Skip to main content

The Knife Man – Wendy Moore *****

By all our rule of thumb, judge-a-book-by-its-cover responses, this ought not to have been a good read. It’s too fat, appearing to display classic Brysonitis, and it’s a medical biography, and medicine is rather on the fringe when it comes to popular science (to be honest, early medicine was on the fringe of science full stop). And all those body parts can offend a delicate stomach. But just as Mutants was a delightful surprise, so this life of quite remarkable man dispels all the prejudices and wins through as a cracker of a book.
Of course John Hunter himself, the subject of the book, is part of the reason it’s so good. This 18th century doctor and scientists was extreme enough to be the inspiration behind both Dr Jekyll and Mr Hide and Dr Doolittle. He was a frenetic dissector, not above obtaining material by dodgy means. But he wasn’t just a meddling quack – Hunter made a huge study of animal life too and made some impressive pre-Darwinian speculation on the origin of species. What makes him a great subject is the way he teeters between heroic scientist and villain – he is the archetype for all the well-meaning mad scientists Hollywood has given us, from Colin Clive’s Frankenstein on.
However, it would be unfair to give all the credit to Hunter himself. Wendy Moore has done a meticulous job in a book that has clearly required a lot of in-depth research. In itself that’s not necessarily the mark of a good book. Totally unreadable scientific papers can be beautifully researched. But Moore manages to give Hunter’s story all the enthusiasm and verve it deserves. Although occasionally a little dry, her prose is always readable and paints an excellent picture of the dark world of 18th century medicine, lit by flickering pockets of knowledge that Hunter attempted, not always wisely, to increase.
There always has to be a small moan – it’s part of our style. It is still a little over-long. There’s a fine line between “comprehensive” and “excessive”, that the book just about treads. And it has reference numbers through the text which simply doesn’t work in a true popular science title – this isn’t supposed to be an academic treatise – if notes are required (and I accept they often are), there are ways to link them to the text without the irritating, flow-disrupting numbers.
What remains, though, is a book that will stay with you a long time – an excellent first outing by Wendy Moore.
Paperback:  
Kindle:  
Review by Jo Reed

Comments

Popular posts from this blog

The AI Delusion - Gary Smith *****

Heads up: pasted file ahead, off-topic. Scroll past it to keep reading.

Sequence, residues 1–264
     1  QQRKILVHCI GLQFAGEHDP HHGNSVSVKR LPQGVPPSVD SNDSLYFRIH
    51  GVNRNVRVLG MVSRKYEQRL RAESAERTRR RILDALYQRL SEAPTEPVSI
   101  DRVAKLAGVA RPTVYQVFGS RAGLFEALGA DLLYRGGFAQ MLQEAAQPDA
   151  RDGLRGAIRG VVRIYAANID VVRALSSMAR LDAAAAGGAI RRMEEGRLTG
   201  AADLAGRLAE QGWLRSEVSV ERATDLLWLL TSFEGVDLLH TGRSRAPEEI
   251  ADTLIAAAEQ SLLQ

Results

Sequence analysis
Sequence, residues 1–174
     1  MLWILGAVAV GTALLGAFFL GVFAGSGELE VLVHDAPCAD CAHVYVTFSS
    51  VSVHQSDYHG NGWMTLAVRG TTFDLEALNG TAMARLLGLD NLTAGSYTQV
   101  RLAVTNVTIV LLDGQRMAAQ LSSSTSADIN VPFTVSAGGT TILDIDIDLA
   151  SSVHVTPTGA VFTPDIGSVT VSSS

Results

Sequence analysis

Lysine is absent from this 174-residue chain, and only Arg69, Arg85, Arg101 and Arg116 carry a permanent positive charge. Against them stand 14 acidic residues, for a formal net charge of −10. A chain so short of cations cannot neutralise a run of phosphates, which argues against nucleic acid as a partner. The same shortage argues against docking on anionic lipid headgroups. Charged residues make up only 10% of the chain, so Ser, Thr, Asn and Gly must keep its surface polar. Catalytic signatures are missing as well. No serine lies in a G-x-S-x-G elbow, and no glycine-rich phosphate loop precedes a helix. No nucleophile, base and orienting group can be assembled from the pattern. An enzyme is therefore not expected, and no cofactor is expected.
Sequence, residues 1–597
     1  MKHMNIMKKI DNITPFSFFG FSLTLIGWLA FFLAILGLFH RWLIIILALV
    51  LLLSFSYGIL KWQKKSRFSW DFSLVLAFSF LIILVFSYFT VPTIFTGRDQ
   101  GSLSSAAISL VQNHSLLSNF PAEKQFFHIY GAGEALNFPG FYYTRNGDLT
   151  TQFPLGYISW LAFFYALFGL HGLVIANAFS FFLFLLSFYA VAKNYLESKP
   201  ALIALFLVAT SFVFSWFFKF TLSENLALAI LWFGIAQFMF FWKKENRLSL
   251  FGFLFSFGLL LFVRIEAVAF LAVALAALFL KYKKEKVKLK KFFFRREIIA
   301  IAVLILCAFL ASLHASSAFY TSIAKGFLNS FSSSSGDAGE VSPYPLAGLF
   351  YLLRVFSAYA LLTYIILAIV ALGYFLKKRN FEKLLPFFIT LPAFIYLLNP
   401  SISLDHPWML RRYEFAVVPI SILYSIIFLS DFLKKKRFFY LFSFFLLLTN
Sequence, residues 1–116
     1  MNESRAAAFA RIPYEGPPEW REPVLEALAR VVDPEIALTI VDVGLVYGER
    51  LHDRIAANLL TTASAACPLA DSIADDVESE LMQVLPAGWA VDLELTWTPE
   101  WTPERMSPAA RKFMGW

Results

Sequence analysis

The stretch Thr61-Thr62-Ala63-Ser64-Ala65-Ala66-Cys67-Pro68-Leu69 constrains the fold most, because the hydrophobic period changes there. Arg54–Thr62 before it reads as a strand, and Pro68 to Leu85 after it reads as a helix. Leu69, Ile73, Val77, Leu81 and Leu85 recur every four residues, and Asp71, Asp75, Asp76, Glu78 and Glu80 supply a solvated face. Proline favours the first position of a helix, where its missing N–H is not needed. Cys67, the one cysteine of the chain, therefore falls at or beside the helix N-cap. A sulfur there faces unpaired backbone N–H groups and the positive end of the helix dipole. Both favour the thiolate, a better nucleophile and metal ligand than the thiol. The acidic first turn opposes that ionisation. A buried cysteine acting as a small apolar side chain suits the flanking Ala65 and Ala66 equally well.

This is a very important little book ('little' isn't derogatory - it's just quite short and in a small format) - it gets to the heart of the problem with applying artificial intelligence techniques to large amounts of data and thinking that somehow this will result in wisdom.

Gary Smith as an economics professor who teaches statistics, understands numbers and, despite being a self-confessed computer addict, is well aware of the limitations of computer algorithms and big data. What he makes clear here is that we forget at our peril that computers do not understand the data that they process, and as a result are very susceptible to GIGO - garbage in, garbage out. Yet we are increasingly dependent on computer-made decisions coming out of black box algorithms which mine vast quantities of data to find correlations and use these to make predictions. What's wrong with this? We don't know how the algorithms are making their predictions - and the algorithms don't kn…

Infinity in the Palm of your Hand - Marcus Chown *****

A new Marcus Chown book is always a treat - and this is like a box of chocolates: a collection of bite-sized delights as Chown presents us with 50 science facts that are strange and wonderful.

The title is a quote from William Blake's Auguries of Innocence: 'To see a World in a Grain of Sand, / And a Heaven in a Wild Flower, / Hold Infinity in the palm of your hand, / And Eternity in an hour.' It would seem particularly appropriate if this book were read on a mobile phone (so it would be literally in the palm), which could well be true for ebook users, as the short essays make excellent reading for a commute, or at bedtime. I found them distinctly moreish - making it difficult to put the book down as I read just one more. And perhaps another. Oh, and that next one looks really interesting...

Each of the 50 pieces has a title and a short introductory heading, which mostly give a feel for the topic. The very first of these, however, briefly baffled me: 'You are a third mus…

How to Invent Everything - Ryan North ****

Occasionally you read a book and think 'I wish I'd thought of that.' This was my immediate reaction to Ryan North's How to Invent Everything. The central conceit manages to be both funny and inspiring as a framework for writing an 'everything you ever wanted to know about everything (and particularly science)' book.

What How to Invent Everything claims to be is a manual for users of a time machine (from some point in the future). Specifically it's a manual for dealing with the situation of the time machine going wrong and stranding the user in the past. At first it appears that it's going to tell you how to fix the broken time machine - but then admits this is impossible. Since you're stuck in the past, you might as well make the best of your surroundings, so the aim of the rest of the book is to give you the knowledge you need to build your own civilisation from scratch.

We start with a fun flow chart for working out just how far back in time you are…